iiiik fish



Mushrooming without Fear

"Could this be the most useful book of the decade? Alexander Schwab’s Mushrooming Without Fear (Merlin Unwin Books, £14.99) does exactly what it says on the tin, and it might even help replace those tins with much more mouth-watering meals composed of trumpet chanterelles, horns of plenty, penny bun boletes or the wonderful, steak-like puffball. Schwab pictures and explains the edible fungi that grow in Britain, tells you where to find them and what to do with them, and – most crucially - sets out the rules for avoiding their toxic cousins..." (The Guardian)

Why not have a look at the website of Mushrooming Without Fear?

If you read German Vorwärts zur Natur might be for you. Follow this link to learn more.


Lake Thun, Bergli Books, Basel 2002

Hook, Line & Thinker, Merlin Unwin Books, Ludlow 2003

Dear Jim, Merlin Unwin Books, Ludlow 2004

Merlin's Daily Fishing Calendar, Merlin Unwin Books, Ludlow 2006 / 2007

Mushrooming Without Fear, Merlin Unwin Books, Ludlow 2006

Lätt och säkker svampplockning, Codus, Götebörg 2007

Mushrooming Without Fear, Skyhorse Publishing, New York 2007

Vorwärts zur Natur, Salm Verlag, Wohlen 2007

Angles on Fishing, E,Z & D Verlag, Biglen 2010


Robert Arlinghaus & Alexander Schwab: Five Ethical Challenges to Recreational Fishing: What They are and What They Mean, American Fisheries Society (2010 in press).

Arlinghaus et al.: Contrasting pragmatic and suffering-centered approaches to fish welfare in recreational angling. Journal of Fish Biology (2009) 75, 2448–2463, co-author.

Arlinghaus et al.: Reviews in Fisheries Science 2007, S. 75 - 167, Understanding the Complexity of Catch-and-Release in Recreational Fishing: An Integrative Synthesis of Global Knowledge from Historical, Ethical, Social, and Biological Perspectives, co-author.

Arlinghaus et al.: Fish and Fisheries 2007, S. 57 - 71, Fish welfare: a challenge to the feelings-based approach, with implications for recreational fishing, co-author.

European Inland Fisheries Advisory Commission: Code of Practice for Recreational Fisheries, co-author., Trout Trauma Puts Scientists on the Hook?

Visionair, 10 / 2008, Zwitserse sportvisser gevangen in kruisvuir - Dierenrechten belemmeren vrije uitoefening sportvisserij, The fish rots from the head - Philosophy changes the world of angling, February 2009


University of Bern , May 20 2008: Singer’s talk was boring. Excessively boring. He is not only the most dangerous man (see article in the Guardian) but also the most boring man. Perhaps that is why is so dangerous. 2/3 of the time he rambled on about happy chicken and cows. Had you not known that a philosopher was speaking you would have thought he is a product manager at Tesco’s presenting the board his ideas on organic food. The question whether it was right to eat the eggs of happy or chicken or even kill the happy chicken in order to eat it seemed of enormous importance. It turned out eventually, prompted by a question, that whereas the chicken had a right to come to a natural death a human being with Alzheimer hadn’t necessarily such a right. He was, incidentally, talking of rights as if he had invented them himself, although he doesn’t believe in them ("The language of rights is a convenient political shorthand"). There were also the usual gibes and the wholesale condemnation of western culture (Aristotle, Aquinas, Catholic Church etc.).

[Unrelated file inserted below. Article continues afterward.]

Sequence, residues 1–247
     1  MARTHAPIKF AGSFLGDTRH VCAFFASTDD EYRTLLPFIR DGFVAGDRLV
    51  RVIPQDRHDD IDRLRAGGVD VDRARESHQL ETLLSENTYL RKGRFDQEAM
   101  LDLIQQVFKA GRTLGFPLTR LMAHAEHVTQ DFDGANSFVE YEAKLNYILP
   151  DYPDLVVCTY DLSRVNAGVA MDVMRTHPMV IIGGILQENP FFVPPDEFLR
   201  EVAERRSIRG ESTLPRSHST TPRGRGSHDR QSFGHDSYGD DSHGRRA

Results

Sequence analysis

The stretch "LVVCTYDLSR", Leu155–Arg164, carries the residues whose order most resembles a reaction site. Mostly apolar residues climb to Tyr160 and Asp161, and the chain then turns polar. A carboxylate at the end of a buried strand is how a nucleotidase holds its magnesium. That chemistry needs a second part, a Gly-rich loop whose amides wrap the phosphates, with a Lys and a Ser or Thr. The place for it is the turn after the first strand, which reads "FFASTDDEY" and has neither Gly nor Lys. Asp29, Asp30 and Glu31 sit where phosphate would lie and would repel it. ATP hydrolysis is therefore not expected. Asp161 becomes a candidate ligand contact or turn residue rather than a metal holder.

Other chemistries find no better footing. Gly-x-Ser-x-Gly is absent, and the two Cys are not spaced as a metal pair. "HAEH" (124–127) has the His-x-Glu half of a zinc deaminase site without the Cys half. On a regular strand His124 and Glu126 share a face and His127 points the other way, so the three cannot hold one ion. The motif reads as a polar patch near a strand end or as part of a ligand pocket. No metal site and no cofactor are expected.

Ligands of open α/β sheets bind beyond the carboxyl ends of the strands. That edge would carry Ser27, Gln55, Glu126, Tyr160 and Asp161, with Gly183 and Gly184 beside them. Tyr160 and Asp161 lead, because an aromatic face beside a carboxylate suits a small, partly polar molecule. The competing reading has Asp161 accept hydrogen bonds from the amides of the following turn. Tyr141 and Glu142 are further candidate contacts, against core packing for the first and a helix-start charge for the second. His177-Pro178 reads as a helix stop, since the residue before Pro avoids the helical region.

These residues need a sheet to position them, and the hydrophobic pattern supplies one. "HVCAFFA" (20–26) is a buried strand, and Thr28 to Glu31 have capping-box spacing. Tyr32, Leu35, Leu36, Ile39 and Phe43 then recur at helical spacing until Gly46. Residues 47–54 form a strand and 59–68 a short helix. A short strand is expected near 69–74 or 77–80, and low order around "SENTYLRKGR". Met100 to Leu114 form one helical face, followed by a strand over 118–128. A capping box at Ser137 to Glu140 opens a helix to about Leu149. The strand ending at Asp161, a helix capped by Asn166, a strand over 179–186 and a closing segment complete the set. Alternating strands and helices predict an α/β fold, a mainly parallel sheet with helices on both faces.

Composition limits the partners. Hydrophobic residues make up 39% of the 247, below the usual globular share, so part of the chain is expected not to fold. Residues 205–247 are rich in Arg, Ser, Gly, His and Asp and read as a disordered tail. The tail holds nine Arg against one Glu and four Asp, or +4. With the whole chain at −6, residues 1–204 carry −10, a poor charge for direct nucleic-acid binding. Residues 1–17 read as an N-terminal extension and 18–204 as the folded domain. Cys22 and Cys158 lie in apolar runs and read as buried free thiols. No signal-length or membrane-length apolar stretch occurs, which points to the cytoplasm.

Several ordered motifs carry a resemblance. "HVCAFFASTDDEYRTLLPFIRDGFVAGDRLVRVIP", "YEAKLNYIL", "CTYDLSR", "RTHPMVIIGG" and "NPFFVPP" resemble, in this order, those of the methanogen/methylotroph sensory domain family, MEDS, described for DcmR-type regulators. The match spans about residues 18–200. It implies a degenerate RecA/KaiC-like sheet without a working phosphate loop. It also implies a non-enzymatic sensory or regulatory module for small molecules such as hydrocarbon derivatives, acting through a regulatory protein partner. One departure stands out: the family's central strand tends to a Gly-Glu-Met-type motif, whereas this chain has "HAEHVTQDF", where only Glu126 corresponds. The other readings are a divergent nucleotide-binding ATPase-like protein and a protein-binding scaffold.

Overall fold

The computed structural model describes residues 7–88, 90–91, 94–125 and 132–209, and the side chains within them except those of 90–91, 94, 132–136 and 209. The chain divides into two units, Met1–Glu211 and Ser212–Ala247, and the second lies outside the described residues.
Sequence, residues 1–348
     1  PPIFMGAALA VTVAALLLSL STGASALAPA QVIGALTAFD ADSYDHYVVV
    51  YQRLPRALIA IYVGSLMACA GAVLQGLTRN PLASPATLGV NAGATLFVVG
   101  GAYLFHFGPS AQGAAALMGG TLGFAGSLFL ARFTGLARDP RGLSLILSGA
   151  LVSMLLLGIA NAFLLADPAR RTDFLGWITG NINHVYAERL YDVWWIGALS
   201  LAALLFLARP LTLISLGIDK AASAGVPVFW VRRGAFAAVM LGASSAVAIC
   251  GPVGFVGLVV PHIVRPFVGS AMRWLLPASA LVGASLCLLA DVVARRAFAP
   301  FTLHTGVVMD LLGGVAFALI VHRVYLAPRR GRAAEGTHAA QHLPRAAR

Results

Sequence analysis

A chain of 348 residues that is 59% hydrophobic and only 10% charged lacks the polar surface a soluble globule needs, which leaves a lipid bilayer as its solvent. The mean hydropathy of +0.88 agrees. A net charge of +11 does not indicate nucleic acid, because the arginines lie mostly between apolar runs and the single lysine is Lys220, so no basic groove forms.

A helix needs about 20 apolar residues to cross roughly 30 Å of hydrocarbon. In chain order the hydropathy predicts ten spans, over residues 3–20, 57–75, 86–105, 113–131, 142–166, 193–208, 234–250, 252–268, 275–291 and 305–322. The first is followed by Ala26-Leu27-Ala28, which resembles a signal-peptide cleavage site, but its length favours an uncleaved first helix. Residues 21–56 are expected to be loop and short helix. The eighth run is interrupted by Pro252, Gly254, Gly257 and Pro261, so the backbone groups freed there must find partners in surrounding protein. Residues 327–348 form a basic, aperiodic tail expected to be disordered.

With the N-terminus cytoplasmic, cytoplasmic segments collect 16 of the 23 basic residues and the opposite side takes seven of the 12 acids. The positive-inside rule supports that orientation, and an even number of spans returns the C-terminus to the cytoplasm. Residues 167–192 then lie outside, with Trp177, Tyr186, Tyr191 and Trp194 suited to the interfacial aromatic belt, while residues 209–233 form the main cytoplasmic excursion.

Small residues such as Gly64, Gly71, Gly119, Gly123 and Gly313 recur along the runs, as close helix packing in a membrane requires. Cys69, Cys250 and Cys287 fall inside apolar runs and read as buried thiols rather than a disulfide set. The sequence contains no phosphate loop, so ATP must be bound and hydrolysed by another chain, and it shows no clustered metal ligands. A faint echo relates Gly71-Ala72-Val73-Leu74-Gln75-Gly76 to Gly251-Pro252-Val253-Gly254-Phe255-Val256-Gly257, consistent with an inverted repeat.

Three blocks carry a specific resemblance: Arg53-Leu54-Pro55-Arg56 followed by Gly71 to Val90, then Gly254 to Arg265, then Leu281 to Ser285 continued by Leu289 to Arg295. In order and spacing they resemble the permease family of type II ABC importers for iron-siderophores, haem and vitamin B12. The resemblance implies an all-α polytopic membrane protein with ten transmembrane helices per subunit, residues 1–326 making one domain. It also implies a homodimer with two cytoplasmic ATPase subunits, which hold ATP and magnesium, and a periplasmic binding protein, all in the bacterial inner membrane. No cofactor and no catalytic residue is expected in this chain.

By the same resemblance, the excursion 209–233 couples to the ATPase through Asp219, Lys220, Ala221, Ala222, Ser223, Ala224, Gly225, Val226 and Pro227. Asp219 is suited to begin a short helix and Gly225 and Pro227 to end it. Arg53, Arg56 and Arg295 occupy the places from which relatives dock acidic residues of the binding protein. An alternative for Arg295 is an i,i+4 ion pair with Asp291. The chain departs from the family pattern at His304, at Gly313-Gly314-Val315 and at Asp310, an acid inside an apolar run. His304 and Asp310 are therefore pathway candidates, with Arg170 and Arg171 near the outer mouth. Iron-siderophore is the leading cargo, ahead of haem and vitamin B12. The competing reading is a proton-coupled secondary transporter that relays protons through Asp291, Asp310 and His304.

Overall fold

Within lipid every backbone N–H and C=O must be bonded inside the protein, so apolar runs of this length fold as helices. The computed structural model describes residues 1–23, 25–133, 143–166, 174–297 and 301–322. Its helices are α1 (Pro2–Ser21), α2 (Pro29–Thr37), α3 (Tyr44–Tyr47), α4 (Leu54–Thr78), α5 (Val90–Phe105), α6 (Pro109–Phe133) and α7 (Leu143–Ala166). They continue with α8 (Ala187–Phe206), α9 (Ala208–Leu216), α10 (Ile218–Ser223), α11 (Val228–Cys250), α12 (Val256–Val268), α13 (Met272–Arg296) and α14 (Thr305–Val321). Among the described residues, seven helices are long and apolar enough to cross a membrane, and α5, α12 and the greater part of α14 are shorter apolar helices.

Remarkable was the anthropomorphizing simplicity: Similarity this that and the other, parallels this that and the other and if an animal behaves like happy… it is happy. Happy! Equally remarkable his simplistic presentation of slavery: and he gets away with it!

 It was a badly organized event and there was no discussion. You were allowed to ask one question and that was that. The audience was composed of admiring students and teachers all of whom seemed to be toothless yes-man (yes-woman, of course, too. The majority in fact.). The questions were “penalty questions”: he could score easily – no goal keeper. All this would not be worth bothering with but Peter Singer is the most influential philosopher today and essential elements of his thinking infiltrate all layers of society and become more and more accepted. Worse still, they are blended with other ideas and as a result you’ll get documents like those of the Swiss Ethics Commission on the dignity of animals and plants.